If I couldn’t play it was like a physical pain.  The move across the country nearly killed me.  We drove, so it took days.  I only made it because Mom stopped in Denver and bought a portable keyboard.  After that, I sat in the back seat and played, with headphones so I wouldn’t distract her from driving.  The sound was awful, and the touch ghastly, but it was a keyboard, and I could breathe again.

By the time I’d completed my first year at Julliard, I knew I wasn’t normal.  Even there, where no one was a dilettante, I felt like the only one who really served the music.  I thought the others didn’t care, because sometimes they took a day off to go to the beach, or stood in the hall for half an hour chatting when they should have been practicing.  I couldn’t do that.  These were the most driven young musicians in America, and I made them look like a bunch of lazy bums.  At first I found that exciting.

But when I was sixteen I started to see what I really was—and to realize just how much trouble I was in.  Maybe I hadn’t sold my soul to the devil for this music.  But I became convinced that someone had.

Then I entered The Competition.  With capitals, because it was the biggest, most prestigious event anywhere, and if I won, I was set for life, pretty much.  And I was sixteen.

And for the first time in my life, I had fallen in love with something besides a piano.  He was a musician, of course—English Horn, if you must know—but he was really cute, and he would come by my practice room and try to get me to come out for coffee or a drink or whatever.

So here was a gorgeous guy asking me out, one I could really talk to about music, and I couldn’t go.  I mean I literally couldn’t go.  It had reached the point that if I left the practice room during the day I started to sweat, like a panic attack.  I was still going home to eat and sleep, but if I tried to just go have fun I could tell I would totally freak out.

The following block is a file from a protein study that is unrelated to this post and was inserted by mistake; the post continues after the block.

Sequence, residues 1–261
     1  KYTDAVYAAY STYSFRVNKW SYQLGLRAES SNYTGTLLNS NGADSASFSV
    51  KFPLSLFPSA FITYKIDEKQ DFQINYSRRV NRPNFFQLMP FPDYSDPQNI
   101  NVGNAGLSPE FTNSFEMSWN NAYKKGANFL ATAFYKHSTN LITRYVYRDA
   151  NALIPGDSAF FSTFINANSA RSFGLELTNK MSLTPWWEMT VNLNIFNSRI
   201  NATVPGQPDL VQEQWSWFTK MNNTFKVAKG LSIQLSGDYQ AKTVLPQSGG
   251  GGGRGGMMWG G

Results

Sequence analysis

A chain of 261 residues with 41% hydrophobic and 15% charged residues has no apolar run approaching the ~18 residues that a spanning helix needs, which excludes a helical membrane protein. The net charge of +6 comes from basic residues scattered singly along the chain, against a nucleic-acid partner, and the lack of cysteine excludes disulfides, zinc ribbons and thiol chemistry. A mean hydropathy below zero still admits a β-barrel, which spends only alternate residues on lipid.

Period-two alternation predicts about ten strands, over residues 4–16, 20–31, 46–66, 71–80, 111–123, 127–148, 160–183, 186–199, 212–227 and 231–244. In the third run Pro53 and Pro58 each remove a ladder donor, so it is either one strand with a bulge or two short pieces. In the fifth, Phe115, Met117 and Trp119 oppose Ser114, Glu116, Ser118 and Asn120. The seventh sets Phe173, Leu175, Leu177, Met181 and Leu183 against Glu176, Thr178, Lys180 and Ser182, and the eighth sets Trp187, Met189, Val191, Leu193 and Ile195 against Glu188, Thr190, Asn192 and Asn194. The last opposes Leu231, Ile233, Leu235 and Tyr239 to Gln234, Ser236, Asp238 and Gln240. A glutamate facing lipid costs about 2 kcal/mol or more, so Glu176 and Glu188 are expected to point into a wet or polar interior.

I told myself—and him—that it was on account of the big Competition coming up.  He totally got that, and said he could wait.  Part of me knew it wasn’t just that, though.  The piano had a grip on me that was sucking my life out, and I didn’t dare even tell anyone, because they’d say I was crazy and probably lock me up without a piano, and I’d die.

The night of the Competition proved I was right about the piano.  It was agony to sit behind the stage while the other contestants played.  They were good, but all I could think about was my turn.  Well, that was normal.  No one competing at those things is there to listen to the music.  But what I felt was different.  My whole body ached to take over the keyboard, to play the music like it had never been played.

When my turn came at last, I walked out onto the stage, made my bow, and slid onto the piano bench.  I smoothed my long gown, adjusting everything just right.  Then I bowed over the keys for a moment, until I felt the power in me, a tingling from toes to fingertips.  I raised my head and began to play.

It was like I was possessed.  Even I had never played so well.  It was not until my fingers started to smoke, like I said, that I realized how much trouble I was in.  It was exactly like I was possessed.  I had wanted to be the best, and I was.

I couldn't stop.

Music was burning me up, and I couldn’t stop.

 ©Rebecca M. Douglass 2014

U is for Utah

Utah. . . home of (as the sign outside the town of Kanab has it), the Greatest Earth on Show.  The Colorado Plateau made for some amazing landscapes.  Below are just a few samples, from A to Z, of course!

Arches National Park:
Landscape Arch

Off trail up in the rocks